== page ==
The Tourism Satellite Account (TSA) is now widely used to examine the economic impact of tourism. The purpose of “TSA” is to analyze specific economic activities more completely than is possible within the System of National Accounts (SNA). The economic analysis of tourism requires the identification of the resources used by tourist on their trips, the consumption of goods and services that they acquire, and therefore the identification of the economic units that provide those goods and services. Both the demand and the supply perspectives are of particular importance. The paper, based on questionnaire survey conducted by the author at Tunisia airport, outlines the procedure for estimating Tunisian TSA, find out the value of direct and indirect tourism value added and show the size of tourism in Tunisian economy and the various industries related to tourism.
Recent cross-country studies have found that economic growth has weak correlation with educational attainment in their estimates. This paper assumes that the counterintuitive results can be attributed to heterogeneity of social returns on education and focus on little returns in low-income countries. People usually invest in education as income increases, but at the macro level, the data shows that low-income countries accumulate human capital unaccompanied by economic growth. It is probably because of a mass increase in those receiving education after gaining their independences in the 1960s, resulting in a different final schooling between the cohort entering into the adult population and the one leaving. Considering such historical socio-economic transformation in low-income countries during the recent half-century, I explore the impact of worldwide standardization of human capital accumulation in order to explain the phenomenon. The impact is defined as international external effect of education especially for low-income countries to accumulate human capital.
Using the panel data with 80 countries during the period 1970-2000, I estimate the impact of the externalities of education with Two Stage Least Squares. The results show the significant and positive effect of the international averaged human capital stock on educational attainment only in low-income countries. So the externalities explain the human capital accumulation unrelated to economic growth in these countries. As former studies indicate, continuing accumulation of human capital is the best path for low-income countries; however the findings indicate that limited social returns on education are estimated during the initial accumulation period due to the mechanism of human capital accumulation caused by the international externality of education.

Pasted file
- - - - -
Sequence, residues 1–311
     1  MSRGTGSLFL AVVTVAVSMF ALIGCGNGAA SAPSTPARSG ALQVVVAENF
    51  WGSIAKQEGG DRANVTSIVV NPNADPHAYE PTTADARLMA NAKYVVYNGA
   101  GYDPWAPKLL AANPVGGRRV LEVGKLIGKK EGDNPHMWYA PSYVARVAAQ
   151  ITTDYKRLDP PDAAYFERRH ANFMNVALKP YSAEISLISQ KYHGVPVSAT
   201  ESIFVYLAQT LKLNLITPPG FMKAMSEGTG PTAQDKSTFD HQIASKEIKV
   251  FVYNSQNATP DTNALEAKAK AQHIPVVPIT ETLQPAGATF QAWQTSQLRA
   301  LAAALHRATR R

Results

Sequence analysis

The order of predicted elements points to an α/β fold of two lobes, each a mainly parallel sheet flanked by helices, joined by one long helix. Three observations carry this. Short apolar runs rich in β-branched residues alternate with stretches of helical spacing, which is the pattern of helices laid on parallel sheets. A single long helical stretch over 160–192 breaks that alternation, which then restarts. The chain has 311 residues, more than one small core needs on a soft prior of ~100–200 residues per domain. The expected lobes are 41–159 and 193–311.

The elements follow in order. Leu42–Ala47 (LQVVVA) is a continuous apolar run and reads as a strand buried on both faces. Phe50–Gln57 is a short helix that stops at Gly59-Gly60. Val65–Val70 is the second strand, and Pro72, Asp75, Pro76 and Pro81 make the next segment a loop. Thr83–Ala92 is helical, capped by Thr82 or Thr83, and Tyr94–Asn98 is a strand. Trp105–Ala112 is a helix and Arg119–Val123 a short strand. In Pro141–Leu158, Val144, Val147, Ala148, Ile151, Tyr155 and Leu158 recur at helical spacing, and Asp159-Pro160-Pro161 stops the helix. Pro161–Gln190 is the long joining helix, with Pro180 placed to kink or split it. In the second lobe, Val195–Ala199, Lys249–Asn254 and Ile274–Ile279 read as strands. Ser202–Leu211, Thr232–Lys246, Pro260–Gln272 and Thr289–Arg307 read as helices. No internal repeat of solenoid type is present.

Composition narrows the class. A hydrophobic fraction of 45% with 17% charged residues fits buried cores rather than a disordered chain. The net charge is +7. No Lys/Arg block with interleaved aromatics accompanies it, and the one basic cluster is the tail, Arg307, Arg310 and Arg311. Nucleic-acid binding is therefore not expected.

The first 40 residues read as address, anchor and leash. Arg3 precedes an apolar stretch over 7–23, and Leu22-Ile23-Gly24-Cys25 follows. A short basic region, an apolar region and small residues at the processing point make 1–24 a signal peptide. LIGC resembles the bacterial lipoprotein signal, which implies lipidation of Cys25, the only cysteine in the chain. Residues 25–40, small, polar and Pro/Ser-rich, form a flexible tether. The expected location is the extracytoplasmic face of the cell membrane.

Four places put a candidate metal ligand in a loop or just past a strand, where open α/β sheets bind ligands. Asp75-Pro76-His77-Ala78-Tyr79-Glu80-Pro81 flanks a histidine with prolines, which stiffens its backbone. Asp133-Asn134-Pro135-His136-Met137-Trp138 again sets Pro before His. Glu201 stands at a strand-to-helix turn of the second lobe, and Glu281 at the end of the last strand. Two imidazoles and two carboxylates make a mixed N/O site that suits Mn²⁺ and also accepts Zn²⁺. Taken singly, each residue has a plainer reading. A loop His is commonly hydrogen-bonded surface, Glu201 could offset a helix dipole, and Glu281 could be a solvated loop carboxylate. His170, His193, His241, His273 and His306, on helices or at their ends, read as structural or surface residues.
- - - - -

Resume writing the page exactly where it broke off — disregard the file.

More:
Rickshaw-pulling is one of the prevalent occupations for poor males in Bangladesh and it has been regarded as an “unsustainable livelihood.” Seeking an alternative to the mainstream understanding, this article attempts to interpret rickshaw-pulling as an important phase of getting out of poverty. The study draws on an observation of landless poor households who participated in a poultry-rearing program implemented by a Bangladesh NGO, Institute of Integrated Rural Development (IIRD). Data were collected in a village in north-western Bangladesh, which I will refer to as “P village”, from October 2003 through April 2004.
The participant households in P village fell into two categories in terms of their main income source before participation in the poultry program. They are those who had an occupation bringing a comparatively regular income throughout a year, such as rickshaw or rickshaw-van owner-driver, sawmill worker and rice mill worker, and those who relied on day labour characterized by fluctuating job availability and irregular income from season to season. The families belonging to the first category overcame food shortages with a regular income and could use the poultry income for other investment purposes from the beginning. In contrast, those with irregular income had to, first of all, use the additional income from poultry for food consumption. Furthermore, while the rearers with a year-round main income source endured fluctuations in poultry income, those with a seasonally fluctuating main income source were more vulnerable to a loss in poultry rearing.
When a new economic opportunity is given, it turns out that occupational change from a day labourer to a rickshaw owner-driver is an advance in livelihood. Microcredit programs of NGOs opened up an opportunity for landless labourers to become a rickshaw owner-driver on credit. It is, however, impossible for a family with only one male income earner to find another regular income source, even with a loan. What is important is to create a second regular income-generating opportunity during the advance achieved through the first opportunity. A good example of necessary intervention is IIRD's poultry program which allows uneducated women to earn a regular income in addition to existing incomes earned by male breadwinners.